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Associations Between Two Bottomland Hardwood Forest Shrew Species and Hurricane-Generated Woody Debris
R. Brandon Cromer, Charles A. Gresham, Megan Goddard, J. Drew Landham, and Hugh G. Hanlin

Southeastern Naturalist, Volume 6, Number 2 (2007): 235–246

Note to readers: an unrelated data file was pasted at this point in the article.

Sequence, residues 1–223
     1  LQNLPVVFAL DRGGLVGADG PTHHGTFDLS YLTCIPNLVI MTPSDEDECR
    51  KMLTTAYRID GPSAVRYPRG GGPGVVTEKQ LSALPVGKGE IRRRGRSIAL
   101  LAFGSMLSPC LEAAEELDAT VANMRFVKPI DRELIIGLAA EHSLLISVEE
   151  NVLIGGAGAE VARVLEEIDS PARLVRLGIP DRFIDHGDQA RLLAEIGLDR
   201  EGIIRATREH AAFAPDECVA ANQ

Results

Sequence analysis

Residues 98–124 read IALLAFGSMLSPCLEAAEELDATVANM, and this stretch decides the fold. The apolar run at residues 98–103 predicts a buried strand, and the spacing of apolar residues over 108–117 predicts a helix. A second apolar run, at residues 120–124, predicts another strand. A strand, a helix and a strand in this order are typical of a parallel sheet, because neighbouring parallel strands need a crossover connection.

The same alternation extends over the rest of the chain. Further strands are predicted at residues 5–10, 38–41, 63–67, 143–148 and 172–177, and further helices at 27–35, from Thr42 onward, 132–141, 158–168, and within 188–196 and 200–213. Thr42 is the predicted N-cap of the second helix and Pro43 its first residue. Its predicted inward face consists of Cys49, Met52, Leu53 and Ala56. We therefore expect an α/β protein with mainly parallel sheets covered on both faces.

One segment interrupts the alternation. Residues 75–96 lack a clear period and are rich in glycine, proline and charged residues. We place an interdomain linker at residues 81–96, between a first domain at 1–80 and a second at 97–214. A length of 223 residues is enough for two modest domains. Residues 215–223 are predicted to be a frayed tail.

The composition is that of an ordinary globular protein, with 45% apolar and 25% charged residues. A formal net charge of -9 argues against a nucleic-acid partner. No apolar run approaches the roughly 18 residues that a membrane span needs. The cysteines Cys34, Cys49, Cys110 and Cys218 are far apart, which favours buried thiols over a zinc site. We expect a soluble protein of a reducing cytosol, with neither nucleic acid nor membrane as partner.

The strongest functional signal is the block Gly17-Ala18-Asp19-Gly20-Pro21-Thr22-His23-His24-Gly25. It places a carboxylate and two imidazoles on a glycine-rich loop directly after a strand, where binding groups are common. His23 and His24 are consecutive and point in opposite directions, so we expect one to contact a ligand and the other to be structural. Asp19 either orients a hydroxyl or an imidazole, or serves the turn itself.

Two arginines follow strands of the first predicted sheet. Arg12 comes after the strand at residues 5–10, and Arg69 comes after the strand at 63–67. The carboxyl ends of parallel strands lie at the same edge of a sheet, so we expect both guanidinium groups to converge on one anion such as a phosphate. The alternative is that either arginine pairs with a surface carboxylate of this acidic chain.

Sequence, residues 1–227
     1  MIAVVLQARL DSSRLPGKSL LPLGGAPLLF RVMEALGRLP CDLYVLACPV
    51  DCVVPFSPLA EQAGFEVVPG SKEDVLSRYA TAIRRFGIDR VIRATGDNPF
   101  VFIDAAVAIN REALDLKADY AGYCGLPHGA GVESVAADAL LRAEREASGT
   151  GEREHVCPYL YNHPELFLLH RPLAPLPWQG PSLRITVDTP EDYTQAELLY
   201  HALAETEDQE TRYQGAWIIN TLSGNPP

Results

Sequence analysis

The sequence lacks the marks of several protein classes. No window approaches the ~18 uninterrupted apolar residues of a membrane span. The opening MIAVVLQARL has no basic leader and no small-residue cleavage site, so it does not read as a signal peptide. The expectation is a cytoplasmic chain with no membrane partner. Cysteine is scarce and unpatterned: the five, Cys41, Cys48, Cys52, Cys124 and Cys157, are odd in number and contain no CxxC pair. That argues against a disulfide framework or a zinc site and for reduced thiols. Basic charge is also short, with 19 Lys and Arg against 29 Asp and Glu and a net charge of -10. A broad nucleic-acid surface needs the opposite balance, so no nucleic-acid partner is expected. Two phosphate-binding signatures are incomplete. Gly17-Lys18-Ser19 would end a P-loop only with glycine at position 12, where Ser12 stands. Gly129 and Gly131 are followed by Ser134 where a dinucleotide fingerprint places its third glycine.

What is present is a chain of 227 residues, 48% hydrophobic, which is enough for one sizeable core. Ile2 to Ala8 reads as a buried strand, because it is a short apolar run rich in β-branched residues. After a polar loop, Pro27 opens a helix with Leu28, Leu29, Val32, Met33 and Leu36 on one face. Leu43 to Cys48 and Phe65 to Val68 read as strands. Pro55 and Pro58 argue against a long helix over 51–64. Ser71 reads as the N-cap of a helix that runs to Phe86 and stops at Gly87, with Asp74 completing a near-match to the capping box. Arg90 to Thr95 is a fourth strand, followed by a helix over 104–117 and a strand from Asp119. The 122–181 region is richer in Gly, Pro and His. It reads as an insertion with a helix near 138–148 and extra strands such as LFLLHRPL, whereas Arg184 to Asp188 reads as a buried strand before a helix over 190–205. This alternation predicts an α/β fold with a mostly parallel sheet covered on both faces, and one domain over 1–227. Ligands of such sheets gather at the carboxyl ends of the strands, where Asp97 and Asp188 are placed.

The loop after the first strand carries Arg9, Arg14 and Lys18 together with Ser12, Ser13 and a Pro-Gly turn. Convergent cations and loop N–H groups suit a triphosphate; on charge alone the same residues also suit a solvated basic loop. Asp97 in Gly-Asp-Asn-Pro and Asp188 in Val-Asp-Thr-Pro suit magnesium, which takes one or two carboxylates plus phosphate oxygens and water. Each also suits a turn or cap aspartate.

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2007 SOUTHEASTERN NATURALIST 6(2):235–246 Associations Between Two Bottomland Hardwood Forest Shrew Species and Hurricane-Generated Woody Debris R. Brandon Cromer1,*, Charles A. Gresham2, Megan Goddard3, J. Drew Landham4, and Hugh G. Hanlin5 Abstract - We investigated associations between soricids and coarse woody debris (CWD) in bottomland hardwood forests impacted by Hurricane Hugo. The objectives were to evaluate CWD loadings at three forests disturbed by Hurricane Hugo, monitor soricid captures at these forests, and identify habitat associates of soricids. Pitfall traps were used to sample soricids from January 2002–December 2003, and habitat parameters (CWD, vegetation, soils, and microsite) surrounding pitfalls were sampled. We found CWD volume was significantly higher at study sites that experienced highest hurricane wind speeds. Captures of soricids were highest in forests with high CWD loadings, and regression models associated soricids with log cover and CWD volume. Sorex longirostris (southeastern shrew) was associated with logs in an advanced state of decay and woody litter. Blarina carolinensis (southern shorttailed shrew)was associated with log cover and leaf-litter cover. Soricid captures also increased with close proximity of CWD. We found that major disturbances have a lasting influence on bottomland hardwood communities, and forests with high loadings of deteriorating CWD provide habitat for S. longirostris and B. carolinensis. Introduction Bottomland hardwood forests (BHF) occur along stream and river floodplains on the coastal plain of the southern Atlantic and Gulf Coast states. The state of South Carolina contains an estimated 2.9 million hectares of BHF (Brown 1997). The flat topography makes these areas subject to seasonal flooding (Hupp 2000). Bottomland forests serve to filter sediments and nutrients from floodwater and provide habitat for invertebrates, fish, herpetofauna, mammals, and birds (Antrobus et al. 2000, Burdick et al. 1989, Howard and Allen 1988, Lockaby and Walbridge 1998, Madison 1997). Because of their proximity to the Atlantic Ocean and Gulf of Mexico, coastal plain forests of the southeast are threatened by hurricanes. In September, 1989, the category-four storm named Hurricane Hugo made landfall near Charleston, SC, with maximum sustained wind speeds of 217 km/h 1Department of Mathematics and Science, 634 Henderson Street, Mount Olive College, Mount Olive, NC 28365. 2Department of Forestry and Natural Resources, Clemson University, Baruch Institute of Coastal Ecology and Forest Science, PO Box 596, Georgetown, SC 29442-0596. 3Department of Forestry and Natural Resources, 261 Lehotsky Hall, Clemson University, Clemson, SC 29634. 4Department of Forestry and Natural Resources, 234 Lehotsky Hall, Clemson University, Clemson, SC 29634. 5Department of Biology and Geology, 171 University Parkway, University of South Carolina Aiken, Aiken, SC 29801. *Corresponding author - rcromer@moc.edu. 236 Southeastern Naturalist Vol. 6, No. 2 (Brennan 1991, Purvis 1996). Approximately 50,000 ha of floodplain forests were impacted (Hook et al. 1996, Sheffield and Thompson 1992). In the months after the storm, public and private land managers salvaged an estimated 15% of downed woody debris, but much of the remaining debris was left to decay on the forest floor (Lupold 1996). Coarse woody debris (CWD) is any standing or fallen dead woody material greater than 7.5 cm in diameter (Harmon et al. 1986). Decomposition of CWD can vary with size and environmental conditions (Van Lear 1993) and therefore has the potential to persist for long periods of time (Harmon and Hua 1991). Standard CWD loadings for BLH forests range from 11.5 to 18.75 m3/ha (Brinson and Rheinhardt 1998, McMinn and Hardt 1993); however, these levels can greatly increase following a major storm. Coarse woody debris in ecosystems is important to nutrient cycling, moisture retention, erosion reduction, and wildlife cover (Hagan and Grove 1999). Woody cover can provide habitat for many species of invertebrates and vertebrates (Caldwell 1993, Hendrix 1993, McCay 2000). Small mammals have strong associations with CWD (Barnum et al. 1992, Loeb 1999). Soricids are subject to predation; therefore, they are typically secretive and rely on forest floor substrate (i.e., CWD) and underground tunnels for security (Hartman et al. 2001, Loeb 1999, McCay and Komoroski 2003, McCay et al. 1998). We investigated the association between soricids and CWD generated by Hurricane Hugo by evaluating bottomland forests of different disturbance levels. We chose to work with two common southeastern soricid species, Sorex longigrostris Bachman (southeastern shrew) and Blarina carolinensis Bachman (southern short-tailed shrew), because some studies have linked these species to woody debris (Loeb 1999, McCay and Komoroski 2003, Whittaker and Feldhamer 2005). However, other studies have found no clear relationship (Mengak and Guynn 2003). The objectives of our study were: to determine differences in CWD volume and size distribution among forests with different levels (high intensity, moderate intensity, and low intensity) of hurricane damage; to monitor shrew communities (species composition and capture patterns) in relation to CWD characteristics in hurricane impacted sites; and to develop statistical models predicting shrew occurrence in relation to CWD occurrence. Methods Study areas Research was conducted at three study areas located within the Lower and Upper Coastal Plain physiographical provinces of South Carolina: the Santee Experimental Forest (SEF), Francis Beidler Forest, and Congaree National Park (CNP). These sites were chosen for three primary reasons: all sites were impacted by Hurricane Hugo, all sites contained substantial acreage of BLH, and none of the downed timber was salvaged. In addition, all sites had similar vegetative composition and hydrology. 2007 R.B. Cromer, C.A. Gresham, M. Goddard, J.D. Landham, and H.G. Hanlin 237 The SEF (2468 ha) is part of the Francis Marion National Forest (FMNF) within Berkeley County, SC. Plots (n = 4) were established within a BLH forest adjacent to Nicholson Creek. Soils of this site (Typic Paleaquults) were poorly drained and subject to seasonal flooding (USDA 1980). The SEF sustained maximum sustained winds of 217 km/h from Hurricane Hugo, and nearly 80% of the trees were destroyed (Brennan 1991, Hook et al. 1996). The SEF served as our most heavily impacted site. Beidler Forest, a National Audubon Society sanctuary, consists of 2400 ha of old-growth floodplain forests (Brunswig and Winton 1978). The forest lies in Four Holes Swamp, approximately 80 km from the Atlantic Ocean. Plots (n = 4) were established in BLH communities with poorly drained soils (Typic Albaqualfs) subject to flooding (USDA 1980, 1990). Sustained hurricane winds at Beidler Forest were measured at 160 km/h, damaging an estimated 64% of BLH trees (Brown 1996, Duever and McCollum 1992, Duever and McCollum 1996, Purvis et al. 1990). Beidler Forest served as our site of intermediate disturbance. Congaree National Park is an old-growth floodplain forest maintained by the United States National Park Service. The 8988-ha park lies in the upper coastal plain of South Carolina on the floodplain of the Congaree River, approximately 160 km from the South Carolina coast. Plots (n = 3) were established in bottomland sites with well-to moderately well-drained, alluvial soils (Oxyaquic Udifluvents; USDA 1979). Sustained wind speeds reached 116 km/h, and damage was estimated at 37% (Putz and Sharitz 1996). Congaree National Park served as our site of low disturbance. Data were collected at eleven 20-m x 100-m (0.20-ha) research plots. A 100-m transect was placed down the center of each plot. Circular subplots (n = 21, radius = 3.0 m) were established along the central transect at 5-m intervals. Pitfall trapping, CWD, vegetation, environmental, and microsite data were collected within each subplot (Table 1). Soricids were sampled by use of pitfall traps installed at the center of each subplot (Corn and Bury 1990). Plastic buckets with lids (diameter = 25 cm, depth = 45 cm) were placed within 1 m of each subplot. Traps were opened in the spring, summer, and fall of the years 2002–2003 and were closed when not in use. Traps were checked for captures on a daily basis, and sponges were placed in each trap for moisture retention during dry periods or flotation “rafts” for shrews during wet periods. Shrews captured alive were released onsite, and dead specimens were collected. All research was conducted within the guidelines of the Clemson University Animal Use Permit # 00-087. Coarse woody debris (m3/ha) was measured using the planar intersect method (Van Wagner 1968; Table 1). Two 2-m transects extending outward from each pitfall trap were randomly selected from the four cardinal points. Diameter of CWD (> 7.5 cm) were taken along each transect. Decay class was determined according to a five-class system, where class-I logs were solid and bark was intact and class-V logs lack bark and the wood has become soft and powdery (Spetich et al. 1999). The distance from each pitfall trap to the nearest log was measured. 238 Southeastern Naturalist Vol. 6, No. 2 Diameter at breast height (dbh) of saplings (2.5–10 cm dbh) and trees (> 10 cm dbh) was collected to determine basal area (m2/ha) within the 0.20- ha plot (Table 1). Percent cover of ground vegetation (< 30 cm tall) was estimated in two 1-m2 plots adjacent to pitfalls (Daubenmire 1959; Table 1). Seedlings and shrubs (> 30 cm tall and < 2.5 cm dbh) were sampled within two plots (radius = 1.5 m) adjacent to pitfalls (Table 1). These were identified to species and placed in three height classes (Table 1). Within each 1.5- m radius plot, percent cover of the microsite was estimated (Daubenmire 1959; Table 1). Soil series were determined from the soil survey maps of Berkeley, Dorchester, and Richland counties (USDA 1979, 1980, 1990). A soil corer was used to collect samples from the upper and lower depths of the A horizon. Soil-texture analysis was conducted according to Gee and Bauder (1986). Soil-carbon analysis was conducted according to Nelson and Sommers (1996) using a Leco C-144 Carbon Analyzer. Statistical analysis All statistical analyses were done by use of SAS Version 9.0 (SAS 2002). All data sets first were tested for normality using the Shapiro-Wilk test (Shapiro and Wilk 1965). Data found to not fit the requirements of a normal distribution were either transformed or analyzed through non-parametric statistics (Wilcoxon sum rank tests). Non-normal data expressed in Table 1. Variables collected to quantify habitats at study sites in the Congaree National Park (CNP) in Richland County, Beidler Forest in Dorchester County, and the Santee Experimental Forest (SEF) in Berkeley County, SC. CWD decay classes described by Spetich et al. (1999). Data type Name Description CWD volume (m3/ha) Class I Bark present, twigs present, wood intact Class II Bark present, twigs absent, wood intact Class III Bark absent, twigs absent, wood partially decayed Class IV Bark absent, twigs absent, wood soft/blocky Class V Bark absent, twigs absent, wood soft/powdery All Sum of all CWD volume (m3/ha) Microsite Bare soil % cover of soil lacking any cover FWD % cover of woody material < 7.5 cm Leaf litter % cover of leaf material Log % cover of woody material > 7.5 cm Stump % cover of tree stumps Roots % cover of tree/plant roots Basal area (m2/ha) Sapling Diameter (dbh.) < 2.5 cm Canopy Diameter (dbh.) 2.5 to 10.0 cm Shrub layer 30–100 cm Tally of woody vegetation (30–100 cm tall) 100–150 cm Tally of woody vegetation (100–150 cm tall) > 150 cm Tally of woody vegetation (> 150 cm tall) Ground layer Grass % cover of grasses (< 30 cm tall) Herb % cover of herbs (< 30 cm tall) Vine % cover of vines (< 30 cm tall) Woody % cover of woody seedlings (< 30 cm tall) Shrew captures Soricid species captures 2007 R.B. Cromer, C.A. Gresham, M. Goddard, J.D. Landham, and H.G. Hanlin 239 percentages (plant cover, microsite cover, and soil texture) required arcsine transformation (Fowler et al. 1998). Multiple comparisons of normalized data were conducted with analysis of variance (ANOVA). Tukey’s mean separation test was used to determine differences in treatment levels. Multiple regression models were created to evaluate the response of captures to habitat variables at the plot level. Initial tests for collinearity and explanatory variables were conducted through Pearson’s product-moment correlation analysis. Forward stepwise regression was conducted with selected variables admitted to the model at the significance level of P < 0.05. Residual plots were examined for linearity and outliers. Transformation of variables and removal of outliers was done on occasion to increase model fitness. Logistic regression models were used to evaluate shrew captures at individual traps in relation to habitat variables. The presence or absence of a capture was used for this procedure. One hundred pitfalls were randomly chosen for analysis to avoid any trap selection bias. Forward stepwise regression was conducted with selected variables admitted to the model at the significance level of P < 0.05. Transformation of variables and removal of outliers was done on occasion to increase model fitness. Results The total volume (m3/ha) of downed coarse woody debris (inclusive of all decay classes) was significantly highest at the SEF (F = 49.56, P < 0.0001; Table 2). However, CWD volume did not differ between Beidler and the CNP. Only decay class III differed among study areas (F = 25.11, P = 0.0004; Table 2). Tree and sapling basal area were significantly different among forests (F = 54.39, P < 0.0001, F = 4.88; P = 0.0411; Table 2). Wilcoxon sum rank tests revealed a statistical difference in seedling density (stems/ha) between forests for the 30–100 cm category (􀁲2 = 4.06, P = 0.0238; Table 2). Grass and woody vegetation cover (< 30 cm in height) both differed significantly among forests (F = 5.89, P = 0.0036; F = 11.60, P < 0.0001; Table 2). Only two of six microsite variables differed among forests: leaf-litter cover and log cover (Table 2). Leaf-litter coverage did not differ between Beidler Forest and the SEF, but was significantly lower at the CNP (F = 40.45, P < 0.0001). Log coverage was highest at SEF, with no difference between Beidler Forest and the CNP (F = 34.54, P = 0.0001). Based on soil texture, CNP and SEF soils were classified as loam soils, and Beidler Forest soils were classified as sandy loam soils. Analysis of variance revealed significant differences between several particle size distributions among forests. Soils at Beidler Forest were significantly higher in sand content in both upper and lower depths (F = 40.90, P < 0.0001; F = 47.43, P < 0.0001) and carbon in upper and lower depths (F = 5.18, P < 0.0001; F = 2.26, P < 0.0001) than other sites. Soils at the CNP were significantly higher in silt content than other sites at both upper and lower depths (F = 49.38, P < 0.0001; F = 32.62, P < 0.0001; respectively). 240 Southeastern Naturalist Vol. 6, No. 2 There were a total of 265 soricids captured and captures were significantly highest at the SEF (􀁲2 = 9.96, P = 0. 0011; Table 2). Southern short-tailed shrews (n = 199) were more frequently captured at the SEF than in other forests (􀁲2 =7.23, P = 0.0046), but no statistical difference was found in captures of southeastern shrews (n = 66) (􀁲2 = 0.42, P = 0. 6652) (Table 2). Captures of soricids were significantly highest at category 1 traps (CWD within 0.5 m) (mean = 53.25, SE = 4.16) but category 2 (0.5–1m: mean = 28.25, SE = 11.52), category 3 (1–2 m: mean = 34.80, SE = 5.81), and category 4 Table 2. Summary of variables examined at study sites in the Congaree National Park (CNP) in Richland County, Beidler Forest in Dorchester County, and the Santee Experimental Forest (SEF) in Berkeley County, SC. Means are presented with S.E., F or 􀁲2 statistics, and P-values from ANOVA and Wilcoxon tests. Values in the same row with different superscripts (x, y, z) are different at P < 0.05. Study area CNP Beidler Forest SEF Variable Mean S.E. Mean S.E. Mean S.E. F / 􀁲2 P-value CWD Class I 30.96 27.04X 0.00 0.00X 0.37 0.37X 1.88 0.2135 (m3/ha)A Class II 3.96 2.70X 14.36 7.26X 4.95 3.41X 1.21 0.3465 Class III 11.81 4.25X 71.17 25.54X 188.03 10.15Y 25.11 0.0004 Class IV 69.04 37.73X 73.22 19.75X 146.28 25.81X 2.69 0.1275 Class V 35.30 17.74X 34.49 18.79X 36.93 10.86X 0.01 0.9936 All 151.07 4.41X 193.25 7.84X 376.55 25.37Y 49.56 < 0.0001 Microsite Bare soil 10.44 3.67X 3.89 2.20X 6.90 1.85X 1.61 0.2583 (%)A,C FWD 2.59 0.75X 6.63 2.61X 3.29 0.37X 1.31 0.3209 Leaf litter 19.68 3.67X 78.69 3.94Y 68.36 2.71Y 40.45 < 0.0001 Log 2.25 0.75X 8.39 1.29Y 12.83 1.04Z 34.54 0.0001 Stump 0.06 0.00X 0.34 0.11X 0.76 0.35X 1.00 0.4316 Roots 0.57 0.08X 0.06 0.00X 0.38 0.21X 3.20 0.0952 Basal area Sapling 1.38 0.08X 2.15 0.54X 6.48 0.23Y 54.39 < 0.0001 (m2/ha)A Canopy 47.94 4.14X 32.35 9.16XY 19.67 1.11Y 4.88 0.0411 Shrub layerC 30–100 cm 14.85 4.27X 29.73 3.16Y 25.28 2.73Y 4.06 0.0238 100–150 cm 15.25 5.44X 18.88 1.91X 11.07 1.75X 3.25 0.0563 > 150 cm 19.50 4.94X 18.00 2.92X 14.63 2.17X 0.68 0.5150 Ground Grass 11.94 2.92XY 5.27 0.84X 18.39 18.39Y 5.89 0.0036 layerA,C Herb 4.89 1.23X 6.66 1.94X 5.99 0.77X 0.37 0.6905 Vine 4.51 1.03X 4.31 0.41X 8.40 1.53X 2.92 0.0575 Woody 2.62 0.12X 6.66 0.71Y 9.15 0.70Y 11.60 < 0.0001 Shrew Soricids 8.33 2.16X 7.88 1.78X 17.50 1.43Y 9.96 0.0011 capturesB,D B. carolinensis 8.83 2.17X 8.00 2.06X 17.00± 1.49Y 7.23 0.0046 S. longirostris 7.67 4.18X 7.20 2.87X 9.63± 0.94X 0.42 0.6653 AStatistical analysis with ANOVA. BStatistical analysis with Wilcoxon rank sum test. CData transformed with arcsine transformation. DCaptures adjusted compensate for inequalities in trap night and replication number. 2007 R.B. Cromer, C.A. Gresham, M. Goddard, J.D. Landham, and H.G. Hanlin 241 (> 2 m: mean = 37.58, SE = 2.96) traps did not differ (􀁲2 = 3.52, P = 0.0412). Captures of southern short-tailed shrews also followed this trend (􀁲2 = 3.69, P = 0.0360). Captures were significantly highest at category 1 traps (mean = 74.08, SE = 4.25), but category 2 (mean = 41.50, SE = 17.86), 3 (mean = 51.30, SE = 7.08), and category 4 (mean = 50.30, SE = 4.54) traps did not differ. Habitat relationships Multiple regression models were created for soricids and for each soricid species using the mean number of captures per plot. Soricids were positively associated with log cover (R2 = 0.7276, F = 130.87, P < 0.0001; Table 3). The southeastern shrew was positively associated with decay class IV CWD (R2 = 0.5491, F = 69.42, P < 0.0001) and woody litter cover (R2 = 0.2934, F = 104.29, P < 0.0001) (Table 3). The southern short-tailed shrew was positively associated with log cover (R2 = 0.6101, F = 76.68, P < 0.0001; Table 3). Logistic regression models were created for these same taxa at the trap level to test trap success relative to local features (Table 4). Total CWD volume was positively associated with soricids (􀁲 2 = 4.66, P = 0.0309). The southeastern shrew was negatively associated with bare soil (F = 4.45, P = 0.0309), but the southern short-tailed shrew was positively associated with spatial cover of leaf litter (F = 6.56, P = 0.0104). Table 3. Multiple regression model fitting taxonomic groupings and species at the plot level for study sites in the Congaree National Park (CNP) in Richland County, Beidler Forest in Dorchester County, and the Santee Experimental Forest (SEF) in Berkeley County, SC. Parameter estimates (Par Est.), standard errors (SE), variable (Partial) R2, model R2, F statistics, and P-values are provided. Multiple regression model Partial Model Taxa VariableA Par est. SE R2 R2 F P-value SoricidaeB Log cover 15.05 1.08 0.73 0.96 130.87 < 0.0001 Snag volume 0.07 0.01 0.10 25.92 < 0.0001 Stump cover -43.83 3.89 0.10 54.37 < 0.0001 Sapling BA -2.79 0.53 0.04 37.75 < 0.0001 SQ CWD decay IIC 0.02 0.01 0.01 6.21 0.0165 Sorex longirostris LN CWD decay IVD 1.36 0.08 0.54 0.89 69.42 < 0.0001 Woody litter cover 0.47 0.04 0.29 104.29 < 0.0001 CWD decay VE 0.02 0.00 0.03 22.97 < 0.0001 CWD decay IIC -0.01 0.01 0.01 10.23 0.0023 Blarina carolinensisB LN log cover 1.59 0.28 0.61 0.80 76.68 < 0.0001 LN CWD decay VE 0.15 0.07 0.09 14.29 0.0004 Snag volume 0.01 0.00 0.05 8.79 0.0047 Stump cover -1.52 0.44 0.04 7.75 0.0078 Sapling BA -0.14 0.07 0.02 4.53 0.0387 AVariable entered model at significance level of 􀁟 = 0.05. BLog of abundance used for better fitting model. CVolume of decay class-II coarse woody debris. DVolume of decay class-IV coarse woody debris. EVolume of decay class-V coarse woody debris. 242 Southeastern Naturalist Vol. 6, No. 2 Discussion Habitat for soricids in southern BHL forests can be influenced by major disturbances. Our evaluation of long-term impacts of a major hurricane found that CWD loadings were highest at the SEF, the bulk of which were class-III logs—those with little to no bark, a solid interior, and exterior decay. Decomposition of CWD is dependent on species, stem diameter, moisture, and climate (Aho 1974, MacMillan 1988, Van Lear 1993). Decomposition tends to be faster in mesic, warm climates such as the southeastern US (Van Lear 1993). The bulk of CWD generated by Hurricane Hugo still possessed a solid center; however, the external portions of the logs are in decay. As logs begin to reach advanced levels of decay, they can provide habitat for many species of invertebrates and vertebrates (Caldwell 1993, Hendrix 1993, McCay 2000). We consistently found associations between soricids and CWD. Moreover, there was a strong affinity between soricids and CWD of advanced decay—probably dating back to Hurricane Hugo. Where CWD loadings were highest, soricid captures also were greatest. Soricids are insectivorous and use ground-cover substrate and subsurface refugia to forage for insects (Ford and Rodrigue 2001, Wilson and Ruff 1999). Soricids are voracious predators and strongly benefit from the source of insects provided in areas with high levels of CWD (Carraway et al. 2000). Noticeable associations were found between habitat parameters and species of shrews. The association between southeastern shrews and CWD was expected (Blackburn and Andrews 1992, Loeb 1999), but we also found southeastern shrews to be strongly associated with decay class-IV logs. Logs of advanced decay host a wealth of insect species (McCay et al. 1998), a factor that may have influenced our captures of southeastern shrews. Like the southeastern shrew, the southern short-tailed shrew has similar lifehistory connections with CWD, relying on logs for nesting, insect prey, and protection from predators (Wilson and Ruff 1999). Our model reflects a strong association between southern short-tailed shrews and CWD, especially influenced by the spatial coverage of logs. Captures of soricids were greatest at pitfalls within 0.5 m of CWD, whereas captures at pitfalls with CWD outside of this range decreased Table 4. Logistic regression for trap level captures for study sites in the Congaree National Park (CNP) in Richland County, Beidler Forest in Dorchester County, and the Santee Experimental Forest (SEF) in Berkeley County, SC. Parameter estimates (Par est.), standard errors (SE), 􀁲2statistics, and P-values are provided. Logistic regression model Index VariableA Par est. SE 􀁲2 P-value SoricidsB SQRT CWD TotalC 0.93 0.44 4.66 0.0309 S. longirostrisD Bare soil -8.87 4.20 4.45 0.0349 B. carolinensisB Leaf litter cover 14.09 6.08 6.56 0.0104 AVariable entered model at significance level of 􀁟 = 0.05. BLog of abundance used for better fitting model. CSquare root of volume of all coarse woody debris. DSquare root of abundance used for better fitting model. 2007 R.B. Cromer, C.A. Gresham, M. Goddard, J.D. Landham, and H.G. Hanlin 243 significantly. This may indicate that much of the soricid’s activities were within close proximity to cover items such as logs. Whittaker and Feldhamer (2005) had more captures of southern short-tailed shrews at traps within close proximity to log cover. Similar results were recorded by McCay et al. (1998) with the Sorex fumeus Miller (smoky shrew) in the southern Appalachian Mountains. Besides CWD variables, we found other habitat variables to be associated with the capture of shrews. We found a positive association between southeastern shrews and leaf litter and a negative association between southern short-tailed shrews and bare soil. Other research has shown correlations between litter cover and shrew abundance (Hartman et al. 2001). Whittaker and Feldhamer (2005) noted that soricids used forest-floor substrates in order to reduce the risk of predation. Our associations may support those results. Long-term impacts from Hurricane Hugo are prevalent in the high loading of CWD, particularly in forests that sustained greater wind damage. Areas with the greatest CWD loadings contained a substantial amount of decay class-III and -IV logs. Woody debris of advanced decomposition was consistently associated with soricid captures. Both the southeastern and the southern short-tailed shrew appear to be species that have benefited from the lasting effects of Hurricane Hugo. Acknowledgments We thank the Andrew Mellon Foundation for funding this research. We also thank the US Forest Service, the National Audubon Society, and the US National Park Service. Carl Trettin, Kep Lagasca, Norm Brunswig, Mike Dawson, Martha Bogle, and Theresa Yeadnock cooperated with the research and use of facilities. We also thank E. Harrison, S. Worley, J. Franchini, and J. Clary for conducting field work. G. Askew, W. Conner, B. Song, T. Williams, L.Roth, C. Lucas, J. Vernon, W. Inabinette, and S. Knoche at the Baruch Institute of Coastal Ecology provided support and facilities. We also thank W. Bridges for statistical support. Literature cited Aho, P.E. 1974. Decay. Pp. Q1–Q17, In O.P. Cramer (Ed.). Environmental effects of forest residues management in the Pacific Northwest. USDA Forest Service GTR PNW-24. 6394 pp. Antrobus, T.J., M.P. Guilfoyle, W.C. Barrow, Jr., P.B. Hamel, and J.S. Wakeley. 2000. Bird community composition. Pp. 34–33, In M.K. Burke and M.H. 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